When the rain was not pouring, I liked to put on my squeaky, new rubber boots and my cold, stiff raincoat and walk outside. I loved the way that a misting rain would form on the exposed parts of my body. When there were actual rain drops falling, I liked to feel them pat my face and then roll.

Like Mother Nature’s bathtub, rain is how the world is washed clean, and when I am in the rain, I feel that I am being cleansed, too.

In my bedroom now, my bed is immediately next to a window, and I love hearing the rain from my bedroom eyrie. That sound is different than the one that I heard moments ago, standing outside. And the sound of rain falling on my sunroom roof is all together different. That roof has no attic or ceiling beneath it, and the sound of rain is not tempered or buffered. Regardless of where I am, I love the rain, and I love the sound that it makes. The mere sound of the rain brings back summers half a century ago, when I had the time and the inclination to lie still and hear and feel. I love the rain.

©Jacki Kellum February 15, 2017


Birdman of Alcatraz 1963 Oscar Winner in 4 Categories – A Review – Countdown to the Oscars

The Birdman of Alcatraz was a 1962 movie that won 4 Oscars in 1963. Many say that it was Burt Lancthaster’s defining role, and he plays the role of  Robert Stroud who was an actual criminal and who was the real life Birdman of Alcatraz.

“Robert Franklin Stroud (January 28, 1890 – November 21, 1963), known as the “Birdman of Alcatraz”, was an American federal prisoner and author who has been cited as one of the United States’ most notorious criminals.[1][2][3] During his time at Leavenworth Penitentiary, he reared and sold birds and became a respected ornithologist, but because of regulations, he was not permitted to keep birds at Alcatraz, where he was incarcerated from 1942 to 1959. Stroud was never released from the Federal prison system.



 Stroud in 1912

“Born in Seattle, Washington, Stroud ran away from his abusive father at the age of 13, and by the time he was 18, he had become a pimp in the Alaska Territory. In January 1909, he shot and killed a bartender who had attacked one of his prostitutes, for which he was sentenced to 12 years in the federal penitentiary on Puget Sound’s McNeil Island. Stroud gained a reputation as an extremely dangerous inmate who frequently had confrontations with fellow inmates and staff, and in 1916, he killed a guard. Stroud was convicted of first-degree murder and sentenced to hang, but after several trials, his sentence was eventually commuted to life imprisonment.” Wikipedia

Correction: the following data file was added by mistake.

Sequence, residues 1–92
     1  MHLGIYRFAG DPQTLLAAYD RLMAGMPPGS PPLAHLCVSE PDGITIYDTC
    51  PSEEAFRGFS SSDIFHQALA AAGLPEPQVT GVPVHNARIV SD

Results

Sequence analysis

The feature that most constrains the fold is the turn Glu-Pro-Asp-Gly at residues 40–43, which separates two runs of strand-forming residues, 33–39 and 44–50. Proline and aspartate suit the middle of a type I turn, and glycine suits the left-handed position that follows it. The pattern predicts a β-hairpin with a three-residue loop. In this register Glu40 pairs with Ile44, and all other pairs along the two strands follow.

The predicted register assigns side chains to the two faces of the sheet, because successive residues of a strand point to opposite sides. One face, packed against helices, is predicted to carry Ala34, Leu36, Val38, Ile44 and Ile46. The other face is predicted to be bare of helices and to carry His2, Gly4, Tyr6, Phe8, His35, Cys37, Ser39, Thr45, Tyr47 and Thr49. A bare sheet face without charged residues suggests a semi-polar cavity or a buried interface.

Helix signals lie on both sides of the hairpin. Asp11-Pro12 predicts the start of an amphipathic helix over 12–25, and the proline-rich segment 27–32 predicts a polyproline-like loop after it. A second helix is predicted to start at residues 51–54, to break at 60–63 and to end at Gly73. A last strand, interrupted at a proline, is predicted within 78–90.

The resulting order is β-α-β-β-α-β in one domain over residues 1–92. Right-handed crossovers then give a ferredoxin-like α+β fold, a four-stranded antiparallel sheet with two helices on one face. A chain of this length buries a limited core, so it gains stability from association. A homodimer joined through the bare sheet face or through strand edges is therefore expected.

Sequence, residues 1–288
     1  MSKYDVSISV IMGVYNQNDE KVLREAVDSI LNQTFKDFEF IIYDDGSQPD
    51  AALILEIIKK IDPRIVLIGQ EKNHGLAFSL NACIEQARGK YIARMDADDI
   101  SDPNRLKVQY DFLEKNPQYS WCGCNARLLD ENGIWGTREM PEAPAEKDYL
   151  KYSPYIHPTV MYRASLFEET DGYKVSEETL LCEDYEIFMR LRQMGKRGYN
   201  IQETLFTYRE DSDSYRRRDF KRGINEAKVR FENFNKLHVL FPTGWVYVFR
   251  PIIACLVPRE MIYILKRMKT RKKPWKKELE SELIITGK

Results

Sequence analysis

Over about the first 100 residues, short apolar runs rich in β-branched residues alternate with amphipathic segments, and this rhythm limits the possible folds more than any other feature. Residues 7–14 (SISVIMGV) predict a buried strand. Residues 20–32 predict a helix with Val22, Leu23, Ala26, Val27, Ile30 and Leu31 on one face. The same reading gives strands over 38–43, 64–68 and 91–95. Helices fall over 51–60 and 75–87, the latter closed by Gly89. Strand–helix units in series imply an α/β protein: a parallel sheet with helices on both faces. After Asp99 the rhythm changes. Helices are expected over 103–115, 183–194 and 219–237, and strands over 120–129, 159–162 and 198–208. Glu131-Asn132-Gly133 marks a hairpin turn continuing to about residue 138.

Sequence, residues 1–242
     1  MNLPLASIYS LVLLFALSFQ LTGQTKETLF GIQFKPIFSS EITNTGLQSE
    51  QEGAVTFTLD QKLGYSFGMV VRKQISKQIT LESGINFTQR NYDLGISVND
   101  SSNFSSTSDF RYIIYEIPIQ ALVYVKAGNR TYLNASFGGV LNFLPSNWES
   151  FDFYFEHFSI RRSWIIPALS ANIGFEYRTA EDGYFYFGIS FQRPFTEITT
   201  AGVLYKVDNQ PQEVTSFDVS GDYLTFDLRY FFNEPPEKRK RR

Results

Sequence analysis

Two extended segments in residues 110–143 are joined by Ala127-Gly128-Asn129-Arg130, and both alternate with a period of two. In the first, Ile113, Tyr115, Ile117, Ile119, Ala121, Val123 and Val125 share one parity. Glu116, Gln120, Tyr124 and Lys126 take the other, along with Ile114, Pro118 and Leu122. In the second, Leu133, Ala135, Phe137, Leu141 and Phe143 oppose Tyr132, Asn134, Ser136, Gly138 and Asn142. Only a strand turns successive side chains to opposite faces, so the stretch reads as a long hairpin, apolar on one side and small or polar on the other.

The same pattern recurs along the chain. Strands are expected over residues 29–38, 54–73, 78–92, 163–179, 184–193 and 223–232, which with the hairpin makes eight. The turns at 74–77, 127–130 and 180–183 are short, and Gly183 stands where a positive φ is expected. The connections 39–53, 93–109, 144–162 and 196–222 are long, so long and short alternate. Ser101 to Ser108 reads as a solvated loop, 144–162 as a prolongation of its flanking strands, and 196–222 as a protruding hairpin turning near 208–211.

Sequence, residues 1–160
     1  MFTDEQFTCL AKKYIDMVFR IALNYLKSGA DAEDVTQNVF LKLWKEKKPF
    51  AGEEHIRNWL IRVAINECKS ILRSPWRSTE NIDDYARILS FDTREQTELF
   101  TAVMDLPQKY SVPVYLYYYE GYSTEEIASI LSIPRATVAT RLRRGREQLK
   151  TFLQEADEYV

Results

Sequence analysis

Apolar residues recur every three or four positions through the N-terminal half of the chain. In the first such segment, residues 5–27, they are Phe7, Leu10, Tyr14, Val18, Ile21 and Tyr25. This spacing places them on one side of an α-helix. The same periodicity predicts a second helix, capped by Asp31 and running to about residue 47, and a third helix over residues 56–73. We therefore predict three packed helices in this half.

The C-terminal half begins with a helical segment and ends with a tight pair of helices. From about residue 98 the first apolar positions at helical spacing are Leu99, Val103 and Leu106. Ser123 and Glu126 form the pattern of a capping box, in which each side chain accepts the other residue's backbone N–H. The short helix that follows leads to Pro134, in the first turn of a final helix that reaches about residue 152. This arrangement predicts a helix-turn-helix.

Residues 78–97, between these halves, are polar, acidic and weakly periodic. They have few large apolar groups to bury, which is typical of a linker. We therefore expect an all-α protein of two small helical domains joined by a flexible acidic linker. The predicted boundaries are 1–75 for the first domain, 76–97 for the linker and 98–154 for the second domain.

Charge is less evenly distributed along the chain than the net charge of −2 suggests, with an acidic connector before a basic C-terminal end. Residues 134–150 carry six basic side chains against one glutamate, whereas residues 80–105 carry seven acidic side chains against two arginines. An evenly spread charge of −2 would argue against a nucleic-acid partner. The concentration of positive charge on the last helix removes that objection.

[In the movie, Stroud’s mother begged for leniency from the wife of President Woodrow Wilson, and Wilson commuted Stroud’s sentence to life.]

Image result for thelma ritter birdman alcatraz Thelma Ritter played Stroud’s mother, and she won an Oscar  for Best Supporting Actress. She did a good job of representing the typical overbearing mother who used her affection as a weapon. It is reported that Stroud was an aggressive homosexual, and his mother issue may have caused his homosexuality. The homosexuality is not part of the movie. Perhaps showing his relationship with his mother was the best way to hint of that in 1963.

Telly Savalas won an Oscar for  Best Supporting Actor. He played the role of a Stroud’s cell neighbor–a person who Stroud persuaded to share his interest in birds.

Image result for telly savalas birdman alcatraz

“Stroud began serving life in solitary confinement at Leavenworth, where in 1920, after discovering a nest with three injured sparrows in the prison yard, he began raising them, and within a few years had acquired a collection of some 300 canaries. He began extensive research into them after being granted equipment by a radical prison-reforming warden, publishing Diseases of Canaries in 1933, which was smuggled out of Leavenworth and sold en masse,[4] as well as a later edition (1943). He made important contributions to avian pathology, most notably a cure for the hemorrhagic septicemia family of diseases, gaining much respect and some level of sympathy among ornithologists and farmers. Stroud ran a successful business from inside prison, but his activities infuriated the prison staff, and he was eventually transferred to Alcatraz in 1942 after it was discovered that Stroud had been secretly making alcohol using some of the equipment in his cell.” Wikipedia

Although Ritter and Savalas did a good job playing their roles, the movie Birdman of Alcatraz is almost a one-man show. Burt Lancaster won the 1963 Oscar for Best Actor.  I question whether the movie would win any Oscars at all now, but when we remember that this feature was made almost half a century ago, we begin to understand why it was a hit in its day. At times, the movie is more like a documentary than a movie. Throughout the show, there is a monotone narration that is reminiscent of the 1960s Dragnet.  In my opinion, Birdman of Alcatraz is not a great drama, but the facts of the story were represented well, and the story itself is fascinating.

“Stroud began serving a 17-year term at Alcatraz Federal Penitentiary on December 19, 1942, and became inmate #594. In 1943, he was assessed by psychiatrist Romney M. Ritchey, who diagnosed him as a psychopath, but with an I.Q. of 134. Stripped of his birds and equipment, he wrote a history of the penal system.

“In 1959, with his health failing, Stroud was transferred to the Medical Center for Federal Prisoners in Springfield, Missouri, where he stayed until his death on November 21, 1963, having been incarcerated for the last 54 years of his life, of which 42 were in solitary confinement. He had been studying French near the end of his life. Robert Stroud is buried in Metropolis, Illinois. Author Carl Sifakis considers Stroud to have been “possibly the best-known example of self-improvement and rehabilitation in the U.S. prison.” Wikipedia

©Jacki Kellum February 1, 2017

Throughout the month of February, I’ll try to post an Oscar movie daily. It is my annual Countdown to the Oscars.



© 2017 Jacki Kellum

Theme by Anders NorenUp ↑